Most memorably, Fernandez took a moment to take in his first career home run, hit on September 12, 2013 against the Braves. He lifted a 1-0 Mike Minor change-up for a no-doubt home run just in front of the Clevelander sign beyond the left field fence at Marlins Mark. Fernandez took his time circling the bases and, as he passed third base, Chris Johnson chirped at him. Catcher Brian McCann confronted him at home plate and shortly thereafter, both benches emptied. Even during this tense moment, Fernandez was seen smiling. In the dugout, he had an expression on his face that seemed to say, “Really?”

Fernandez was not the most central figure in baseball’s culture war, but as one of baseball’s best and most well-known players, he was certainly in the middle with the likes of Yasiel Puig, Jose Bautista, and Carlos Gomez. The war was about baseball’s “unwritten rules” which were devised by a homogeneous group of players decades ago and still followed today, still a rather homogeneous group. Newer players, an increasingly diverse group, were expected to adhere to these rules despite the fact that many of them played the game in a culture where emotion and exuberance were a normal part of the game.

Fernandez’s death should be a reminder that, when all is said and done, baseball is just a game and we’re meant to have fun with it. He was the embodiment of fun on the baseball field. In his memory, players should admire their handiwork on the field. Flip a bat after hitting a foul ball, like Odubel Herrera. Bat flip a fly out, like Puig. Players should laugh and pump their fists and cheer as if they might never have a chance to do it again. Because they might not.

Jose Fernandez was remarkable on and off the field

JUPITER, FL - FEBRUARY 24: Pitcher Jose Fernandez of the Miami Marlins poses for photos on media day at Roger Dean Stadium on February 24, 2016 in Jupiter, Florida. (Photo by Marc Serota/Getty Images)
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Jose Fernandez’s love for baseball was born in Santa Clara, Cuba. It was there, alongside childhood friend and St. Louis Cardinal Aledmys Diaz, that he devoted hours to makeshift games of baseball. Often alone, often without a teammate, a playing field, or even a baseball, Fernandez would spend hours lobbing baseball-sized rocks in the air, hitting them with sticks, and circling imaginary bases.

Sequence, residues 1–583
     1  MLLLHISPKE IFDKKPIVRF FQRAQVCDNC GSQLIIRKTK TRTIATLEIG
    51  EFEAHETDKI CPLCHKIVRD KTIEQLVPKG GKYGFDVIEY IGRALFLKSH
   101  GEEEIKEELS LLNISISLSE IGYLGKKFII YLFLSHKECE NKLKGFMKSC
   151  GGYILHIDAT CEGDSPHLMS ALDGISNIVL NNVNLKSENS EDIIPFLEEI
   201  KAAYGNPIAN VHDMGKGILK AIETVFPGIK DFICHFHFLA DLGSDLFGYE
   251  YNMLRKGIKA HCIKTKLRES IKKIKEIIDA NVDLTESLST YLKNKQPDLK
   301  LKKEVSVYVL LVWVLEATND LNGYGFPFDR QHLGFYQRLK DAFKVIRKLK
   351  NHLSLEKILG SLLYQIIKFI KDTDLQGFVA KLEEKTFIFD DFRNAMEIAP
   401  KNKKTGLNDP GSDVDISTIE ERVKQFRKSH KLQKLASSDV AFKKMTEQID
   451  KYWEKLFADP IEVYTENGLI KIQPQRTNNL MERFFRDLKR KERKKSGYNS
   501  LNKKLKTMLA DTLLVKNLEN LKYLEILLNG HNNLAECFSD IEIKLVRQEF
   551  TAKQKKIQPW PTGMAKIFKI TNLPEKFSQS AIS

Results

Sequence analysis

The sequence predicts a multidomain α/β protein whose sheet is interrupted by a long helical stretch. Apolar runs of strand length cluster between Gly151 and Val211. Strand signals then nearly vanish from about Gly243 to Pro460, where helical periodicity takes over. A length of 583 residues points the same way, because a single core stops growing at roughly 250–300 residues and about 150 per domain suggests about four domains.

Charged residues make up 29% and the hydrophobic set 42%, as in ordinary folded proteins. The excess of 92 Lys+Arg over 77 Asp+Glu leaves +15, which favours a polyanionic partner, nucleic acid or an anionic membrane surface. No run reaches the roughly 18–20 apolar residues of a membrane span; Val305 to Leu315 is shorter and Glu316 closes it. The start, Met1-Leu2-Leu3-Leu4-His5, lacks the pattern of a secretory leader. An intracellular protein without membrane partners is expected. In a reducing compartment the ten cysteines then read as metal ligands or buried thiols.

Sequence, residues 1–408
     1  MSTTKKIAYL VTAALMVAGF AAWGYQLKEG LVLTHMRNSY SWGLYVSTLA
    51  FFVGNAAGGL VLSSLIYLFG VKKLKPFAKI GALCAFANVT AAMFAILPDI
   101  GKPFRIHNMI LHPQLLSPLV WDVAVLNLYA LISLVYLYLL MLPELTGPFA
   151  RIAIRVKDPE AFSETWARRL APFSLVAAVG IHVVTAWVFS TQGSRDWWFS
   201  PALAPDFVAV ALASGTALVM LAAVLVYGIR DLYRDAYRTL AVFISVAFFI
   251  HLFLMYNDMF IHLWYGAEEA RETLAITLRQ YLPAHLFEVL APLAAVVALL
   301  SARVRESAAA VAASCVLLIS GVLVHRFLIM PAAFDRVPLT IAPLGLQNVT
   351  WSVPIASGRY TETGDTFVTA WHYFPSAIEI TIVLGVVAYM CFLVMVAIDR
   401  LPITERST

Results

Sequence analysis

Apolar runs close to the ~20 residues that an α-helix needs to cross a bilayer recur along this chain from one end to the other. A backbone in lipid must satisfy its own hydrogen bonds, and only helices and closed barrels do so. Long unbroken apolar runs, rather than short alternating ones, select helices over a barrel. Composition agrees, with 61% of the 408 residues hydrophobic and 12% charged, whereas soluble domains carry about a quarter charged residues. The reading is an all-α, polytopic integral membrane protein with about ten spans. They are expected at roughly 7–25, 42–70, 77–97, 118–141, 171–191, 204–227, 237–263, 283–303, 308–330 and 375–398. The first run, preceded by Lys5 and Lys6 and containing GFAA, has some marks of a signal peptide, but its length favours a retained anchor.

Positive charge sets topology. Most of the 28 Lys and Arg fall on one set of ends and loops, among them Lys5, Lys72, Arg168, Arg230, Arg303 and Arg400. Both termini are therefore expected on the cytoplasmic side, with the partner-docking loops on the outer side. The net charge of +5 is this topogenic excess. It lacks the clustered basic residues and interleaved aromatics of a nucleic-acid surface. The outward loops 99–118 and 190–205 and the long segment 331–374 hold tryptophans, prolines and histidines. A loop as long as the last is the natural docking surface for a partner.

The dream was to play in the Cuban National Series, a 16-team league that formed when the original Cuban League disbanded in 1961. When Fernandez became a teenager, however, his stepfather, Ramon Jimenez, defected to the United States. It took Jimenez 13 attempts before he made a successful escape, and soon he sent for his wife and children. Whatever baseball aspirations Fernandez had took a backseat to his own treacherous journey from Cuba to Florida.

After two unsuccessful attempts and two months in a Cuban prison, 15-year-old Fernandez, his mother, and his stepsister tried again. The voyage was tumultuous; at one point, Fernandez’s mother fell overboard. Fernandez dove in after her and helped her swim 30 yards back to the boat. It took another month and change before Fernandez was settled in Florida with his family, and from there, his baseball career appeared to flourish overnight. He enrolled in Braulio Alonso High School and pitched during two championship runs with the Florida Class 6A state champions, working a 13-1 record and 2.85 ERA in his senior year with two no-hitters.